One of these things is not like the others, haha. No really. I read a ton this month. At least, way more than I probably should have, considering what other responsibilities I could have been attending to. And since—what with reacting badly to new meds and also reacting badly to a routine dental procedure—I spent a large portion of February feeling really sick and really sorry for myself, most of what I read last month ended up being my go-to comfort: Georgette Heyer. (Every book except one.)
I grew up on Georgette Heyer. You could almost say she was my first ever comfort read, if you ignored my earlier obsessions with Sweet Valley High and Babysitters Club and Lloyd Alexander and many others. So, I guess, she was more like the comfort of my puberty years, and she’s stuck with me since then.
I wouldn’t put her in the same category as Sweet Valley High and Babysitters Club, though. Those books were fun, but I’d say that Georgette Heyer was more like masterful. A master of dialogue, of story structure and development, of vibrant and lovable characters. I talked about her a little in my list of Romance Novels You’ve Got to Read, but here are some of my thoughts, specifically, on her books that I (re)read in February:
The Unknown Ajax:
This is a book I accidentally inherited from my grandma (as in, I borrowed it and never remembered to give it back), who was the owner of a large collection of Heyer books, and who, I believe, spurred my mother’s love of Heyer. (Who then introduced me to Heyer in turn.) Plot: The Unknown Ajax is about Anthea and Hugo, who are essentially ordered to marry each other before they’ve even met. Once Anthea has Hugo’s assurance that he will not offer for her, she decides it’s alright for them to at least be friends, and before she knows it his presence in her life has become indispensable. Anthea’s witty and willful and Hugo is hilarious and kind and far, far more competent than anyone imagines him to be—which makes for some excellent humor. Oh, and there’s also a dose of adventure and intrigue, so how could you ask for more?
I think this is one of Georgette Heyer’s closest homages to a classic Gothic romance, although the heroine, Kate, is more practical and perky than the dramatic heroines of most Gothic romances. Plot: Kate is penniless and in the middle of trying to find a paying job, when her wealthy, titled aunt appears out of nowhere and invites her to stay with her and her husband and very handsome son in the country for the summer. It sounds like an ideal situation, but once she’s there, Kate discovers that her aunt’s intentions for her future are just a little bit creepy. Enter the alluring, trustworthy cousin-by-marriage Phillip, and the real adventure begins. The only thing that this book could really use more of is banter between Kate and Phillip, because, let’s be honest, that’s primarily what we all read Georgette Heyer for.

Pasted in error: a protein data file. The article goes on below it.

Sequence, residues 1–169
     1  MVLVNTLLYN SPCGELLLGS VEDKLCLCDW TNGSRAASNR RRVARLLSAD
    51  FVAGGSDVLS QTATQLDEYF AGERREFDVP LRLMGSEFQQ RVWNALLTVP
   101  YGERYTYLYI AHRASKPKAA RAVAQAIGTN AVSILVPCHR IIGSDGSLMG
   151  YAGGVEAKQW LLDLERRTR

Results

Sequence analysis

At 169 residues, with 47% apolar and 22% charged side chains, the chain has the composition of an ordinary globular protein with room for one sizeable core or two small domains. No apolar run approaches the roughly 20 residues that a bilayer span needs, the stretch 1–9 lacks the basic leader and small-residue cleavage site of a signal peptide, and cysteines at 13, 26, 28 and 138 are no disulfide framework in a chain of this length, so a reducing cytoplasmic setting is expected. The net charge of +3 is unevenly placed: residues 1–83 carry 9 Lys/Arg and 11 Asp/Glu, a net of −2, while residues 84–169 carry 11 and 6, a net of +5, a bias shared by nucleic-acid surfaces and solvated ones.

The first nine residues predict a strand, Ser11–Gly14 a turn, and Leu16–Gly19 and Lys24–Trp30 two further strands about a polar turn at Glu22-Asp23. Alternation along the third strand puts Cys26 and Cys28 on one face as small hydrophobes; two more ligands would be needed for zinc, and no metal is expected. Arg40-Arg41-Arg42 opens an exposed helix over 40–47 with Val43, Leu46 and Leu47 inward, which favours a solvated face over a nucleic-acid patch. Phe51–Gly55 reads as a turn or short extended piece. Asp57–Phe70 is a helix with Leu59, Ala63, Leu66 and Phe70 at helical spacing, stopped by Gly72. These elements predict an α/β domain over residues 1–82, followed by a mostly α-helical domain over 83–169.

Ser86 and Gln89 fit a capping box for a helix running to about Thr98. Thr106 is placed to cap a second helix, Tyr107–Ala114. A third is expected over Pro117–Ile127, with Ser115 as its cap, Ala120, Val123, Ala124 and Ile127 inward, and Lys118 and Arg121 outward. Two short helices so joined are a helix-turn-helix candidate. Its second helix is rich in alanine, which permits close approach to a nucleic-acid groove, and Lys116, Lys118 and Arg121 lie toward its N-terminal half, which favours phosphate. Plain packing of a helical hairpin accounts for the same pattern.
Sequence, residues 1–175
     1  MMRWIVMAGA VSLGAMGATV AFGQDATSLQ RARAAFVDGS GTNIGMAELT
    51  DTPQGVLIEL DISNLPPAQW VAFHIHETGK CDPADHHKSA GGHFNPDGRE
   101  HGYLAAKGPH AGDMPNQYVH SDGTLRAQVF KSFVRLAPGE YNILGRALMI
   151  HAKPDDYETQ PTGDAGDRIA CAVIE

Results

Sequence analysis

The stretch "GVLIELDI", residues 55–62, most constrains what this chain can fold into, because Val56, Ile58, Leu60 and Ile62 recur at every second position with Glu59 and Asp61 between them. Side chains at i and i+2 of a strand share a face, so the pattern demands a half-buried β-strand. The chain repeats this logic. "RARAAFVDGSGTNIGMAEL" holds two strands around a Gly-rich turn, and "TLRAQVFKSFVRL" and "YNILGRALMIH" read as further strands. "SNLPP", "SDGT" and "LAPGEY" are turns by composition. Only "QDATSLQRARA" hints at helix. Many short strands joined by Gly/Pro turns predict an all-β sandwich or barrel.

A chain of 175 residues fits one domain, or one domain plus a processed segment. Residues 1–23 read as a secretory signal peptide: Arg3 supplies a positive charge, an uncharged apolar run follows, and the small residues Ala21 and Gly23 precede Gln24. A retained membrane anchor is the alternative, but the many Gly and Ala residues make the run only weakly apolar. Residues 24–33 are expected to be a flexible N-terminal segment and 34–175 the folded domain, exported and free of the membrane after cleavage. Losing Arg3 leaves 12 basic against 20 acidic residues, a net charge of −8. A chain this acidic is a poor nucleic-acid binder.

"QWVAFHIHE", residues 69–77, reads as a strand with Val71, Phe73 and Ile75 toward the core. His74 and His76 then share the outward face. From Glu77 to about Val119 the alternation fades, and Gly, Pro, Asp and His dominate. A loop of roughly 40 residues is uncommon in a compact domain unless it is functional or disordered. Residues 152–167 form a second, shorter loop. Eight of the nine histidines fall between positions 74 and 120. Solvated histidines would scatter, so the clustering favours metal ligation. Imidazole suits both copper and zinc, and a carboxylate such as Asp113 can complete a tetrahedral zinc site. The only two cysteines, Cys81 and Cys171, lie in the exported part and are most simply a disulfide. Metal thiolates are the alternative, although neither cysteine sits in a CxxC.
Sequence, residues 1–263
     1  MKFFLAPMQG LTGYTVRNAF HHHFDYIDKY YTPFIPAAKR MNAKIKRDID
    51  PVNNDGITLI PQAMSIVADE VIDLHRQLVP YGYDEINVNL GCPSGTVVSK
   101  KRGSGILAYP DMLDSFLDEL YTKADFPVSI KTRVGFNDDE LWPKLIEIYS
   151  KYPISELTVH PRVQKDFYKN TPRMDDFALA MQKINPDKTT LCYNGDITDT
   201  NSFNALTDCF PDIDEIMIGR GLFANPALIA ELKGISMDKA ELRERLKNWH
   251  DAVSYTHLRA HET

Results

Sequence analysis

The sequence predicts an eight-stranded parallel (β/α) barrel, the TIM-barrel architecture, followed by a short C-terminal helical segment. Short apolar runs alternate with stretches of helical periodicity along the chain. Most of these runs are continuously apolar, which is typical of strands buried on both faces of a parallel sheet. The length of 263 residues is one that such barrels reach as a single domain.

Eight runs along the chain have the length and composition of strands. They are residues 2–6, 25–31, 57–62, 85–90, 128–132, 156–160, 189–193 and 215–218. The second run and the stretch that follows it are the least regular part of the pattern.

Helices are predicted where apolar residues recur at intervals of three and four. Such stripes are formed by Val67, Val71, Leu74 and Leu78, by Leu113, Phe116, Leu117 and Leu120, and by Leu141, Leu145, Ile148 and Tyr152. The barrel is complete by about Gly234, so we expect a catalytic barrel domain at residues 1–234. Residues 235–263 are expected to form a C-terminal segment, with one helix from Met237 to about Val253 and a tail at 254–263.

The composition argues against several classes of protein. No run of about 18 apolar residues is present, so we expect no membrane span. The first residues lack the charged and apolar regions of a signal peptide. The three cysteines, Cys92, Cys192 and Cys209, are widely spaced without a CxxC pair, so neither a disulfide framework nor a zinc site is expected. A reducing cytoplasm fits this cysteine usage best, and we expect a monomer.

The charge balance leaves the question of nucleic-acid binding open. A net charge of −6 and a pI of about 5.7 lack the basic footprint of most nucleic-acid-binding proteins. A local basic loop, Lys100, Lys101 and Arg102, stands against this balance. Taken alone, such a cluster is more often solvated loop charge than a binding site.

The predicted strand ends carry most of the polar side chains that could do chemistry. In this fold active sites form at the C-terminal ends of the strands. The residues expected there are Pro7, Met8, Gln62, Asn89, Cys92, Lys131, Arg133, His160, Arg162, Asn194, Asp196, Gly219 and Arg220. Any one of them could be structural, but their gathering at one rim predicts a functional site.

The Talisman Ring:
Okay, this one is definitely in my top ten Heyer books. It is pretty nearly perfect and I go back to it again and again. Sarah Thane is one of my favorite heroines ever. Soooo funny. I wish I could be her when I grow up. The banter between her and Sir Tristram Shield is so great, and there’s very nearly enough of it. Plot: When Tristram is asked by his dying uncle to take care of (by marrying) Eustacie, his much younger, hilariously dramatic, French-born cousin, she thinks (being so very dramatic) that her only choice is to run away and become a governess. In the midst of her escape she accidentally runs into another of her cousins, Ludovic, who has been in hiding since being wrongfully accused of murder. She finds him in the midst of an act of smuggling–which gets him shot. In her efforts to help him escape the law once again, they cross paths with the intrepid and fun-loving Sarah Thane who insists on being part of their adventure. Together with Sir Tristram–who never really wanted to marry Eustacie anyway–the three of them set about trying to prove Ludovic’s innocence (of the murder) so that he can live a normal life again. Heyer’s handling of plot tropes that would normally be absurd or cheesy is first-rate. She turns them into the perfect balance of fun and hilarity. This is one of her “older” heroines too (late twenties—so OLD, ha ha!), which always seem to be my favorite.